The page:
I’m happy that we’re now entering the “dark” season.  I don’t feel like I’m missing out as much.  This is when wild animals prepare to hibernate for the winter.  I’m going to follow their cue and keep on relaxing, recovering and healing also…  The bikes will still be waiting for me next spring.  Now if I can just stay away from social media with all of the cyclocross photos !

Friday, September 16, 2016

Thank You

The older I get, the more that I realize and believe that it isn’t about me.  I believe that it isn’t about checking things off a bucket list.  I believe that it isn’t about accumulating external accolades.  I believe that it actually never was about me and it is not about you either.  So who or what is it all about?  I have come to believe that it is about the collective.  I believe that it is about everyone as a whole.  I believe that we are all one and that we are all part of this collective.  I believe that it is about working together to help the collective to thrive and survive.  I believe that it is about helping and making a difference however we can.  I believe that it is about finding what we’re good at and how we can contribute to making things better.  I believe that our job or purpose here on earth is to figure that out what that is for ourselves.  If everyone did their share, the planet would be such a better place.   It doesn’t have to be much because it all adds up.  Even a positive thought will spread and create good karma…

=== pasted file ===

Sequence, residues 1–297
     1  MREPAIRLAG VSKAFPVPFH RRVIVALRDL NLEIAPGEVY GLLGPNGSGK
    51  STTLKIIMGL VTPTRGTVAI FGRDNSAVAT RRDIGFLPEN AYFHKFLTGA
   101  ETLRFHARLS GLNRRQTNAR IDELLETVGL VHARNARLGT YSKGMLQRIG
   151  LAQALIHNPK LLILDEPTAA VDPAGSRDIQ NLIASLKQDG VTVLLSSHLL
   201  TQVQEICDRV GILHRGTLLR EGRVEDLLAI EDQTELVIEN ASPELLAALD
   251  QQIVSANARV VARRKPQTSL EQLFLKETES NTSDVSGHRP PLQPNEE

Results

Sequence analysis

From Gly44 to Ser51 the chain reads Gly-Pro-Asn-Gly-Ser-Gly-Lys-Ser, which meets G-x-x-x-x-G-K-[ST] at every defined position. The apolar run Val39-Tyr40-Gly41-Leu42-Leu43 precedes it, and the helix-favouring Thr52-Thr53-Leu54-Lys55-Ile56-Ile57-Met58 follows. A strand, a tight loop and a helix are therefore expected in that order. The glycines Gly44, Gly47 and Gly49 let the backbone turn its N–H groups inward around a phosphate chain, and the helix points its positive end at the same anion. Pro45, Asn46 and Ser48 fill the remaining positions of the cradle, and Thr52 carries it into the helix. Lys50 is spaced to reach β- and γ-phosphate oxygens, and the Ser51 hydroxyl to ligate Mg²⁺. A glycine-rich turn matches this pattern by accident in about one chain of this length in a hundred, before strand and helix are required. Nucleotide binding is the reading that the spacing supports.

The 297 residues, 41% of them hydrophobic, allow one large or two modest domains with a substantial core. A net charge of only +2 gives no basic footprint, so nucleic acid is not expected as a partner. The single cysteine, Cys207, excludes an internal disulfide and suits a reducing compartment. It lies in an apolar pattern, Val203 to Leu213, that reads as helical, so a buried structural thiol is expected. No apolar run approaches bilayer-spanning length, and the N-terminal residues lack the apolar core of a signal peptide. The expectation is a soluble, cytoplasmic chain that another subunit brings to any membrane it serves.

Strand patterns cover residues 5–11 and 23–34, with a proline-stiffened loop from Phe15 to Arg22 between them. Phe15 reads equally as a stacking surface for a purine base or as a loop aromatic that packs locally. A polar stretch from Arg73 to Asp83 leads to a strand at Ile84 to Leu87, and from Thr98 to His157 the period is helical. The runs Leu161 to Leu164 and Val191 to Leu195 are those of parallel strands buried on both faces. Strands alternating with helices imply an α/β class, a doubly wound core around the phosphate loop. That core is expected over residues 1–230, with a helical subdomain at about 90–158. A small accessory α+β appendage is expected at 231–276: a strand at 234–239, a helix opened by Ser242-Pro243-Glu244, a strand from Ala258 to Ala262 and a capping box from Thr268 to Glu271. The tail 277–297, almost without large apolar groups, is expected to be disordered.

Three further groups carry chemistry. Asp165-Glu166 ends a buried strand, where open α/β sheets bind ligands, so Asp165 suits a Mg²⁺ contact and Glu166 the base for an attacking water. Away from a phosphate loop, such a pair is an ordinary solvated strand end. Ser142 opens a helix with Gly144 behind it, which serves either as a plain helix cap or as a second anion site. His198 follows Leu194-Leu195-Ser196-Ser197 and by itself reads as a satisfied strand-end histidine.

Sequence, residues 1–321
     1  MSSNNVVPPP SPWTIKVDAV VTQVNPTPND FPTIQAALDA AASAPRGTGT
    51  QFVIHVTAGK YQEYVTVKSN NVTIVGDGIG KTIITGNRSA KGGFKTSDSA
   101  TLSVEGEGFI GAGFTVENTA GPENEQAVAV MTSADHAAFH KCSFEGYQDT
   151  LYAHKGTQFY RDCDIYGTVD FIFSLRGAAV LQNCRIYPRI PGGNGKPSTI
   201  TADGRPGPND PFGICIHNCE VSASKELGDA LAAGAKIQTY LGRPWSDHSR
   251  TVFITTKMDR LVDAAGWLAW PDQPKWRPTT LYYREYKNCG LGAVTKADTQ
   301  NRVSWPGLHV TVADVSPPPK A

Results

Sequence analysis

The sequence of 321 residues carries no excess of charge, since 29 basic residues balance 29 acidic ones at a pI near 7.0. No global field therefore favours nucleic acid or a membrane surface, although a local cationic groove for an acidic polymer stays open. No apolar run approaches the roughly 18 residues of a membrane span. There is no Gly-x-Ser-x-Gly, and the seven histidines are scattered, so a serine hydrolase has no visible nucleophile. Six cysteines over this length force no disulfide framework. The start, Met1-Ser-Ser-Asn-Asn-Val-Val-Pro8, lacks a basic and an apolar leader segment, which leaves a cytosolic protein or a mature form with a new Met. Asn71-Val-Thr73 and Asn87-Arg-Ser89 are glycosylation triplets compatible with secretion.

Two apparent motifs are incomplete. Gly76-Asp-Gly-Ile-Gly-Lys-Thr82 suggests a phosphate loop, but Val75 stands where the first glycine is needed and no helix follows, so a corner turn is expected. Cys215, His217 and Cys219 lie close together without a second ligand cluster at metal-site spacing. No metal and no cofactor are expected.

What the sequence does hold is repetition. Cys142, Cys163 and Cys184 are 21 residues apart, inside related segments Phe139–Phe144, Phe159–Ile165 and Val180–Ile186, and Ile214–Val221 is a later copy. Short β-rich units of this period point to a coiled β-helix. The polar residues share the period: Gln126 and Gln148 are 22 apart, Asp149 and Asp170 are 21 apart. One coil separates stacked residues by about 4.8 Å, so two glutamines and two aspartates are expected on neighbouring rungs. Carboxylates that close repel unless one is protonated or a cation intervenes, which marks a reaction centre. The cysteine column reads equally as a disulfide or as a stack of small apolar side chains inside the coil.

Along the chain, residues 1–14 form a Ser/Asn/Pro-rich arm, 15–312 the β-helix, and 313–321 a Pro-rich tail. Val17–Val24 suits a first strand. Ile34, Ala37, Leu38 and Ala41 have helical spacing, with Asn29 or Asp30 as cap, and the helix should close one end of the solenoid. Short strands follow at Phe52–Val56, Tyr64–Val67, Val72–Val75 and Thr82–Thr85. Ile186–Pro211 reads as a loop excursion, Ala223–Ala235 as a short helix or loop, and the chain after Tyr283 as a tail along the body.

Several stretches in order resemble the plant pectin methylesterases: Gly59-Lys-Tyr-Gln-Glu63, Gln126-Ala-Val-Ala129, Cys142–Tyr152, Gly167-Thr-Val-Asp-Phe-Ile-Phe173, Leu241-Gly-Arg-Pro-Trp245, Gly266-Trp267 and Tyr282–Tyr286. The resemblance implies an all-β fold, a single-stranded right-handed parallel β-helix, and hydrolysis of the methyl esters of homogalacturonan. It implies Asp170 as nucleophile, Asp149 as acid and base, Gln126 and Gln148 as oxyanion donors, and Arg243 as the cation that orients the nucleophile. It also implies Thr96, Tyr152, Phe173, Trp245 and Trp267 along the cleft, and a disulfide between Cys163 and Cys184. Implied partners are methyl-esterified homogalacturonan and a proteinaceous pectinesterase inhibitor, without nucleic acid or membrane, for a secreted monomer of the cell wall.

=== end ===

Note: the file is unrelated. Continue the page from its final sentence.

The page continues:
I feel very grateful and blessed that one of the things that I can offer to the collective is to use my passion for cycling to help raise funds for research and awareness for Type 1 Diabetes.  I believe that this is what the universe expects of me.  And the universe has provided me with amazing friends that make awesome things possible…  What else could a guy ask for?

We had set a lofty goal of raising $30,000 for JDRF this year.  I hate goal setting.  Sure, they give us something to aim for, but they also create a stressful expectation given the potential failure if we fall short.  I prefer to set an intention.  But we had to set a goal.  To be honest, I wasn’t sure we were going to reach it this year.  Fundraising is getting more and more difficult.  Or maybe it was my health issues the past few years or my brain preparing to deal with the failure to meet our set goal even if deep down the true intention was to create SOME Type 1 Diabetes awareness and to raise SOME funds for JDRF that wouldn’t exist without our efforts.

In the end, I was blown away by everyone’s generosity and effort !!!  We surpassed our goal by writing a cheque for $30,500 to JDRF which brings the total raised by the Mike’s Bike Shop cycling club since 2007 to over $180,000 !!!  I am speechless…

Too many people believe that this ride is about me since it was born from my dream, but really it isn’t about me at all.  It’s about all the volunteers who step up and put in so much effort, many of which have no personal connection to Type 1 Diabetes other than being my friends.  

Thank you to our main sponsor, Mike’s Bike Shop who is the backbone of this ride.  Thank you Rick Snyder for your continued support even after all these years.  Your kindness and generosity continue to amaze me and are beyond words.  I am constantly blown away with everything that you continue to do in support of JDRF.  Thank you for all of your hard work and very generous financial support.  I am forever indebted for all that you do.  Thank you.

Thank you to Luc Belliveau and Pablo Vergara who have put in so many hours in meetings, finding sponsors, setting up the website, running around getting food and setting everything up.  You are both key players of our Cyclebetes organizing committee.  Without you, the ride could simply not exist.  I am very proud to call you true friends.  I owe you big time.  Thank you.